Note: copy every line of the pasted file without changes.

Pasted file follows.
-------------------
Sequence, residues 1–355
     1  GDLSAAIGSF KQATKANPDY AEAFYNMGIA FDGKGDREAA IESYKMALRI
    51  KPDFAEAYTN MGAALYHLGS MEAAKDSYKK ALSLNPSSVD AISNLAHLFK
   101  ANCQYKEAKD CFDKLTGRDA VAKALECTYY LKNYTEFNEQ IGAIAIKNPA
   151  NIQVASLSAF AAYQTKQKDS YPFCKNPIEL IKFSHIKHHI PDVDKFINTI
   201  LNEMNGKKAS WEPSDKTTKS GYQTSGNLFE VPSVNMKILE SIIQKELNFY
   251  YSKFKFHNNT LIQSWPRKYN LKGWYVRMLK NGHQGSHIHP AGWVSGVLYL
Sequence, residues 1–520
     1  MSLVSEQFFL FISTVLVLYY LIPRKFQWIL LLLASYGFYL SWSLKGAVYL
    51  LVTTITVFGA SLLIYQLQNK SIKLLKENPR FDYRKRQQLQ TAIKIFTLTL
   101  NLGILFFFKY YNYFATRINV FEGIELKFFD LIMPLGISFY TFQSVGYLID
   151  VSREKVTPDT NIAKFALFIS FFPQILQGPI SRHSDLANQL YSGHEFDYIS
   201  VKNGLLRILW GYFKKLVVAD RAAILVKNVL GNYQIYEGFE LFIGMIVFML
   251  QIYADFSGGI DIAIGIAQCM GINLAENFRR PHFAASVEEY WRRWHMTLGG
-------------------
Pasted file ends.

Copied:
Sequence, residues 1–355
     1  GDLSAAIGSF KQATKANPDY AEAFYNMGIA FDGKGDREAA IESYKMALRI
    51  KPDFAEAYTN MGAALYHLGS MEAAKDSYKK ALSLNPSSVD AISNLAHLFK
   101  ANCQYKEAKD CFDKLTGRDA VAKALECTYY LKNYTEFNEQ IGAIAIKNPA
   151  NIQVASLSAF AAYQTKQKDS YPFCKNPIEL IKFSHIKHHI PDVDKFINTI
   201  LNEMNGKKAS WEPSDKTTKS GYQTSGNLFE VPSVNMKILE SIIQKELNFY
   251  YSKFKFHNNT LIQSWPRKYN LKGWYVRMLK NGHQGSHIHP AGWVSGVLYL
Sequence, residues 1–520
     1  MSLVSEQFFL FISTVLVLYY LIPRKFQWIL LLLASYGFYL SWSLKGAVYL
    51  LVTTITVFGA SLLIYQLQNK SIKLLKENPR FDYRKRQQLQ TAIKIFTLTL
   101  NLGILFFFKY YNYFATRINV FEGIELKFFD LIMPLGISFY TFQSVGYLID
   151  VSREKVTPDT NIAKFALFIS FFPQILQGPI SRHSDLANQL YSGHEFDYIS
   201  VKNGLLRILW GYFKKLVVAD RAAILVKNVL GNYQIYEGFE LFIGMIVFML
   251  QIYADFSGGI DIAIGIAQCM GINLAENFRR PHFAASVEEY WRRWHMTLGG